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The International Energy Agency Thursday said a sharp drop in the global supply surplus by the end of the year should push the market toward balance.
Saudi Arabia sent a powerful message last weekend when longtime Oil Minister Ali al-Naimi, 81, was removed by royal decree and replaced with former Saudi Aramco CEO Khalid al-Falih, viewed as a capable technocrat who will reflect the views of Saudi Deputy Crown Prince Mohammed bin Salman. The deputy crown prince has released his "Vision 2030" plan for economic reform, and Saudi Aramco's public offering next year is a centerpiece of that plan.
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Favorite son of King Salman, bin Salman is responsible for the military and the overall economy, a large part of which is the oil industry. His plan is to monetize the oil sector to invest in other areas and diversify the Saudi economy. He wants to build a $2 trillion sovereign wealth fund that would dwarf others.
Al-Naimi, 21 years in his role, was long the face of Saudi oil and represented the kingdom's position as master swing producer and the lead player in OPEC. Saudi Arabia, however, already stepped away from that role when it pushed the cartel to let market forces set prices in November 2014, instead of by adjusting production.
That policy crushed crude prices and resulted in the shakeout of high-cost producers. For one, the U.S. shale industry has been seriously wounded, and analysts expect that will continue with more production shutdowns and bankruptcies possible. The U.S. is producing about 500,000 barrels a day less than it was a year ago.
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Analysts see the "rebalancing" of the oil market leading to a higher crude price by the end of the year, even if there is another period of decline before that. One of the factors influencing the market on the supply side has been the return of Iranian oil to the market, and also the fact that Russia and Saudi Arabia have continued to produce at high levels even in a low-price environment.
However, there also have been unforeseen outages in Nigeria, Libya and even in Canada, where forest fires are temporarily disrupting as much as a million barrels a day of production.
"It's a paradox. On the one hand, there's continuing oversupply in the market, and on the other hand, it's a rather tight market. There are pockets of disruption all around the world, and of course the potential big one is Venezuela," said Daniel Yergin, vice chairman of IHS. Venezuela's production appears to be eroding as it faces political instability and economic upheaval.
"Our expectation for the second half of the year is that prices will sort of orbit around $50 a barrel," Yergin said. IHS had previously expected a $48 price for Brent.
The outages equaled about 2.5 million to 2.7 million barrels a day, according to Michael Cohen, head of energy commodities research at Barclays. Cohen last week raised his forecast for oil prices to $44 per barrel for Brent this year, an increase of $5 because of the rebalancing of the market.
However, he says if the wall of oil that's offline comes back online quickly it could mean a period of lower prices before crude moves higher to the low $50s in the fourth quarter.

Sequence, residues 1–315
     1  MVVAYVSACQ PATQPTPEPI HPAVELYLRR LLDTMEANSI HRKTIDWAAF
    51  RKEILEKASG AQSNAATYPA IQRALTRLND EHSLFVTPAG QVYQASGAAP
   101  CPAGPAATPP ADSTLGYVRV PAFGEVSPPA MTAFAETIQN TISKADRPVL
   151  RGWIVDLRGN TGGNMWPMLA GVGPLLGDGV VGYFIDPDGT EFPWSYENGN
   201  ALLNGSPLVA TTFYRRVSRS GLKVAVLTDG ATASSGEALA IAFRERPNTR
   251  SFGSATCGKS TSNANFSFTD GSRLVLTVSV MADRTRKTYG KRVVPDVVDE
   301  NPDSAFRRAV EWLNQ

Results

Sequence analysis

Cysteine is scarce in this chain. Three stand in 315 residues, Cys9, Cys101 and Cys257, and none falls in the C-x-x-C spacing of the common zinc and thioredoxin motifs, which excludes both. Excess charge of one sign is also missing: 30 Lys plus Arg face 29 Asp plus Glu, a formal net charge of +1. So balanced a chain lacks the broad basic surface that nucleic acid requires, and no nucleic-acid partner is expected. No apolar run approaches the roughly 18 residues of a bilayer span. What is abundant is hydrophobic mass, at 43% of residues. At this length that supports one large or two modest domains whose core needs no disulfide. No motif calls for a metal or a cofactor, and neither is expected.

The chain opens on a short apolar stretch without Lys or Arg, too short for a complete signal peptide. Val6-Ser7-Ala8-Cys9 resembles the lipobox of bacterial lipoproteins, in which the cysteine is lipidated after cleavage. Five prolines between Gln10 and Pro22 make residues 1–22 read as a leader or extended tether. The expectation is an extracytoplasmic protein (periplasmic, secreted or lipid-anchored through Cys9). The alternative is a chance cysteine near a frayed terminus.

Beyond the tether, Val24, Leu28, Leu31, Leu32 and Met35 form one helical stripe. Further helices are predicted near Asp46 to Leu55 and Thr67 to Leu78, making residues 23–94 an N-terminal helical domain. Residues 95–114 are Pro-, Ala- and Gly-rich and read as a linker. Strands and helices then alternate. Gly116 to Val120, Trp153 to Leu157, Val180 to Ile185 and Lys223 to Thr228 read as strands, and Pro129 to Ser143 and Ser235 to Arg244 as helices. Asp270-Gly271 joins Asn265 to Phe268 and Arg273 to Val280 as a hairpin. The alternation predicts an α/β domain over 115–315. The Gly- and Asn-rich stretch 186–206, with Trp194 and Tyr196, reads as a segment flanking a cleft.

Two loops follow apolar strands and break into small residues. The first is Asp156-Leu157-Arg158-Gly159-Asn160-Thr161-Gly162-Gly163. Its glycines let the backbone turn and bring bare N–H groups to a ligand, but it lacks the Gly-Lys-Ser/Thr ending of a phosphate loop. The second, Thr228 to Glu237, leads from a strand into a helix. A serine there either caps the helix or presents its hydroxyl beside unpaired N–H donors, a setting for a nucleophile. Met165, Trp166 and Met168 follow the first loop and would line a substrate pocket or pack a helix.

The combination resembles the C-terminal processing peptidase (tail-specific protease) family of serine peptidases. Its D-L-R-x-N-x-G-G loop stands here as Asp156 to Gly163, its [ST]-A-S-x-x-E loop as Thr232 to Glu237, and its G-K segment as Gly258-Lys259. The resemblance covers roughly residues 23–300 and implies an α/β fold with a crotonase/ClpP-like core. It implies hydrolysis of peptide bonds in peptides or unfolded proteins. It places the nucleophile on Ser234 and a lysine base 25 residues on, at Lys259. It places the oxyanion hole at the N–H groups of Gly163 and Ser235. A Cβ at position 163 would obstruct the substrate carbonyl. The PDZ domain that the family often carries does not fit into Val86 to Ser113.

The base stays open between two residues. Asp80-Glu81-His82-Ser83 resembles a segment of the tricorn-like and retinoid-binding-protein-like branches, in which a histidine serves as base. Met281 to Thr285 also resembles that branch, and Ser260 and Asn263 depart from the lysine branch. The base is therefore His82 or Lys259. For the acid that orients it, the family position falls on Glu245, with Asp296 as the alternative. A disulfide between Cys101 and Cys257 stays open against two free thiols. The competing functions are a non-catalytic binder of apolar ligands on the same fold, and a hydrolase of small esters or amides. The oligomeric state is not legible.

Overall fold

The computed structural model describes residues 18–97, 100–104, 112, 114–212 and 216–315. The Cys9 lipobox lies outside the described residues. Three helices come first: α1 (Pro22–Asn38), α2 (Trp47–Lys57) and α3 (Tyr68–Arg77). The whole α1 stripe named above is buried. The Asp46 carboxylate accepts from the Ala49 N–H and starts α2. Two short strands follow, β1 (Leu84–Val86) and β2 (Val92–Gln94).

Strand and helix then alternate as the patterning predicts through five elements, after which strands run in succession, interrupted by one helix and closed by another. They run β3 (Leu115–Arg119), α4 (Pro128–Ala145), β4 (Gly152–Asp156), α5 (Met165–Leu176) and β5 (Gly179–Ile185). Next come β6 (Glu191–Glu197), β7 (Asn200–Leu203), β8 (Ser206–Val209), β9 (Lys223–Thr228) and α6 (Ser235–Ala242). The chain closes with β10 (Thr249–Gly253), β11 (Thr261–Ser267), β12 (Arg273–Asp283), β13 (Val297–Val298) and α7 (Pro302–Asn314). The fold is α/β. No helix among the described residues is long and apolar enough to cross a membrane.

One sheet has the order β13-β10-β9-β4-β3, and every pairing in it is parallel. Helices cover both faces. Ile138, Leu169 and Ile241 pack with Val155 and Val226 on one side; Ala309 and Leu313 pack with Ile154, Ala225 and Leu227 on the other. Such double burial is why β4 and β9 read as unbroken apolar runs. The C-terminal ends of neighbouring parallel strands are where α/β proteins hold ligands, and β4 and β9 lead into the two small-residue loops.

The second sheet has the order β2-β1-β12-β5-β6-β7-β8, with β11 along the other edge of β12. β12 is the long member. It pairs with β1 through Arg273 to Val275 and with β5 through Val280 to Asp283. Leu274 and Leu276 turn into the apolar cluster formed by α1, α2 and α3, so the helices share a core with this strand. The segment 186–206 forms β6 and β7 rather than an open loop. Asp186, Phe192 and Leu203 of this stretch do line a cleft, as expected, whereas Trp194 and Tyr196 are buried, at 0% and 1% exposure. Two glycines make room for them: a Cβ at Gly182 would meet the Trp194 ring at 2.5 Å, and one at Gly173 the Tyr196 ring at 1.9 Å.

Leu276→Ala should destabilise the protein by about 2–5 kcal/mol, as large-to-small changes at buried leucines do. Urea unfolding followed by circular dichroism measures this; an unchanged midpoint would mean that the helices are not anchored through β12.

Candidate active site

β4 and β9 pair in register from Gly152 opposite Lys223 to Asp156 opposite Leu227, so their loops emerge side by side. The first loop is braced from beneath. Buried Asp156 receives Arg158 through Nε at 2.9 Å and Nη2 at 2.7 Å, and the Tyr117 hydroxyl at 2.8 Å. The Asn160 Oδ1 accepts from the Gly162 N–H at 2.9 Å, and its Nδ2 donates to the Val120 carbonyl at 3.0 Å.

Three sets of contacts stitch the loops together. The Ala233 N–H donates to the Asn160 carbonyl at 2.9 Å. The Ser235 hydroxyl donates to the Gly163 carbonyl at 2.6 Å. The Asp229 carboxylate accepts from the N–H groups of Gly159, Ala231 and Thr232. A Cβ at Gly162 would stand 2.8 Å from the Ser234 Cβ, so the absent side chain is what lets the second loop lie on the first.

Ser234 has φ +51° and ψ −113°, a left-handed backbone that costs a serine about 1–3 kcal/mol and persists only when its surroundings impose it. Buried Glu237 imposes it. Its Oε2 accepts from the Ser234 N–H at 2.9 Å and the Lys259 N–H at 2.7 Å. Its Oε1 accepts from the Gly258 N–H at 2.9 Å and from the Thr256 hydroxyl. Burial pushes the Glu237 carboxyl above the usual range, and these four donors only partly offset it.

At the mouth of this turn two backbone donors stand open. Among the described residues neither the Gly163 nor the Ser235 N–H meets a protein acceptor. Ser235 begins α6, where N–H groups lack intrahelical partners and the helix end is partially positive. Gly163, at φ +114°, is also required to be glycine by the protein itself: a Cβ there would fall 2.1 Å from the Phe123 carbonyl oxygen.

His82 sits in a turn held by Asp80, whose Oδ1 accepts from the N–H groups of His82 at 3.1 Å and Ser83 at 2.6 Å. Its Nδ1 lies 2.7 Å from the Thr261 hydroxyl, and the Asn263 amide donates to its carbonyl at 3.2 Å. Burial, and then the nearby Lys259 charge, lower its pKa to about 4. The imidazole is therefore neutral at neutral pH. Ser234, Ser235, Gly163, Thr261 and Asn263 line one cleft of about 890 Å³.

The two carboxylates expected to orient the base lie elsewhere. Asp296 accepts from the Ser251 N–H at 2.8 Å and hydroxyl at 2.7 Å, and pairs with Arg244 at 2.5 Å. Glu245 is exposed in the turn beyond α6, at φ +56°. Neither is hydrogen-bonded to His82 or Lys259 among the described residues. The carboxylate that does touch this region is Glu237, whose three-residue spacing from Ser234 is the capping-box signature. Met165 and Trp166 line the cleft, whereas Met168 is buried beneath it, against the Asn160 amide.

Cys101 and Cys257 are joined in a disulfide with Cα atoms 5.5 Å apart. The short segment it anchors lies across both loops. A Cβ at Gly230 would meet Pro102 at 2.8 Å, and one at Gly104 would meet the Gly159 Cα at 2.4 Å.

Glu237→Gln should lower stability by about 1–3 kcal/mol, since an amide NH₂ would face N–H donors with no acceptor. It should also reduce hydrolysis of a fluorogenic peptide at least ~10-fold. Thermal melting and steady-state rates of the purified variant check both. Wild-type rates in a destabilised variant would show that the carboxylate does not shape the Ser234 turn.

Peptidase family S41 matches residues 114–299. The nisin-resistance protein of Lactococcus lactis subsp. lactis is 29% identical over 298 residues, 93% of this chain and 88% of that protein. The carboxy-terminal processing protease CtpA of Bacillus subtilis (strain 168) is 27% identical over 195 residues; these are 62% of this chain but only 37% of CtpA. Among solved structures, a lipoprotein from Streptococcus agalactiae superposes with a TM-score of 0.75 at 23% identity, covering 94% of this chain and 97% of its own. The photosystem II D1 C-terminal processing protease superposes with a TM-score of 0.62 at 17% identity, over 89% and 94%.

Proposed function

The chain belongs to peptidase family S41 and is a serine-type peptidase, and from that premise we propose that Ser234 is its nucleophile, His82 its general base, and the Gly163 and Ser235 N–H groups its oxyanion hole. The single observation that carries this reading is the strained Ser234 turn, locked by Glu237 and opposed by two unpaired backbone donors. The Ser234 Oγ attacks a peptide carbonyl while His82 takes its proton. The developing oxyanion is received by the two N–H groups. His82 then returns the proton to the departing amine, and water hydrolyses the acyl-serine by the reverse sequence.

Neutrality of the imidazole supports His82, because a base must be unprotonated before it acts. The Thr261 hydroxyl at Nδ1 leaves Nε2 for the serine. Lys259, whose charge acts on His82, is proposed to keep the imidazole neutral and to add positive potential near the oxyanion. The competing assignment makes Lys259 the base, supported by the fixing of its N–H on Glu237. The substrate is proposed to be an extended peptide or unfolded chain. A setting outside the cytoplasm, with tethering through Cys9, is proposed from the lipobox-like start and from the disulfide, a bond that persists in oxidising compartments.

The IEA said Thursday that Iran's production has been greater than expected and has helped offet the oil lost from outages.
As for the Saudis, bin Salman recently said the kingdom could ramp up production by about a million barrels a day to 11.5 million immediately, and it could also get to 12.5 million barrels a day in the next six to 12 months, if it wants to.
Bin Salman also said in an interview with Bloomberg that Saudi Arabia could increase to a maximum of 20 million barrels a day if it invested in its industry. The IEA Thursday said Saudi Arabia could increase production towards 11 million, "without strain" from its current 10.2 million barrels per day.
Yergin pointed out that one of the first comments made by al-Falih after his appointment was that Saudi Arabia intends to continue supplying current customers and increasing volumes of oil to the markets.
"They're really going to let the market drive things, and their great advantage is they are the low-cost producer of great scale," he said. "I think the days of cutting back production and the coordination with other producers, those days are over."
"The last thing they want to do is throttle back production and make room for other producers and in particular they don't want to make room for Iran," said Yergin.
Citigroup analysts said al-Falih's speeches are in line with the Saudi government's policy to increase market share. The analysts, in a note, said there's little chance Saudi Arabia would agree to a production freeze at the upcoming OPEC meeting June 2 or anytime soon.
"Rather what can be expected is fulfilling the logic of running an oil company. That means continuing if not accelerating the strategy he started while Aramco CEO. This would involve increasing international and domestic downstream investments, assuring a growing market share based on growth of the country's production capacity, based on its vast reserves," they wrote.
Accordingly, there should be a clear push by Saudi Arabia for higher production and exports in coming months and years, the Citi analysts said. They are also watching for signs of any increased downstream investments or expanded drilling within the kingdom.
On Tuesday, Amin Nasser, CEO of Saudi Aramco, said at a news briefing that the company is likely to boost its production this year to meet rising demand. "We're seeing a global increase in demand," Nasser said. "We are meeting that call on us."
It's not clear, however, how much Saudi Arabia will increase production.